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Xiamen Air starts modification on grounded Boeing 737 MAX

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BEIJING, April 6 (Reuters) - Xiamen Air has started technical modification on its grounded Boeing 737 MAX planes, the all-Boeing carrier said on Tuesday, although it said it does not have a timetable for the jet's return to service in China.

China is one of the last major markets to hold out on clearing the 737 MAX and an increasing headache for Boeing which replies on China for about a quarter of sales.

"Boeing has recently issued some technical guidelines regarding the MAX. According to these guidelines, we have started on the modification, which is a necessary step towards the return to service (of MAX)," Xiamen Airlines, a subsidiary of China Southern Airlines, said in a statement to Reuters.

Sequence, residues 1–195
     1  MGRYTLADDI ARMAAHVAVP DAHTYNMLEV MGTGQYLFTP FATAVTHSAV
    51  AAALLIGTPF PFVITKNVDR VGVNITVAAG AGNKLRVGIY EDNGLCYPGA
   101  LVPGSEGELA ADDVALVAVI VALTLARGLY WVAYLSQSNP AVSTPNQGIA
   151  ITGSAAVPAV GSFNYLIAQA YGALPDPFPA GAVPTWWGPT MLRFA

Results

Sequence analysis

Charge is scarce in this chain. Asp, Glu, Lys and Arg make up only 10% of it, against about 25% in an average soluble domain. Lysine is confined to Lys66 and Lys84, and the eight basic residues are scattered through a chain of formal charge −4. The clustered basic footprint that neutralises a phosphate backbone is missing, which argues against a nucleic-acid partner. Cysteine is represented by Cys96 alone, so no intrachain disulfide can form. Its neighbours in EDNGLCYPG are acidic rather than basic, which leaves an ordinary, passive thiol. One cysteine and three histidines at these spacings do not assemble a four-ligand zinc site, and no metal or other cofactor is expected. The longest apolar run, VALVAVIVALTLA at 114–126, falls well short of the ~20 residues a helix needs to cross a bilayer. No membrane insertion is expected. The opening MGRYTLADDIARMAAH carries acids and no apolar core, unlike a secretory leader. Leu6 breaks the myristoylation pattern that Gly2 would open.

"However, currently we do not have a timetable for its return to service and everything is subject to notices from the aviation regulator."

China was the first country to ground the 737 MAX in March 2019 following two fatal crashes which killed 346 people. At the time, more of the planes were operating in China than anywhere else.

The Civil Aviation Administration of China (CAAC) said in March that it was studying a plan with the U.S. planemaker for clearing the aircraft to fly in China.

Three principles outlined by the CAAC include certified design changes, proper training for pilots and specific findings into the crashes.

The U.S. Federal Aviation Administration (FAA) lifted its flight ban on the 737 MAX in January. It was followed by the European Union Aviation Safety Agency (EASA) and several others.

Vietnam on Tuesday lifted a ban on transit by 737 MAX planes.

(Reporting by Stella Qiu and Tony Munroe in Beijing; Additional reporting by Jamie Freed in Sydney and Tim Hepher in Paris; editing by Jason Neely)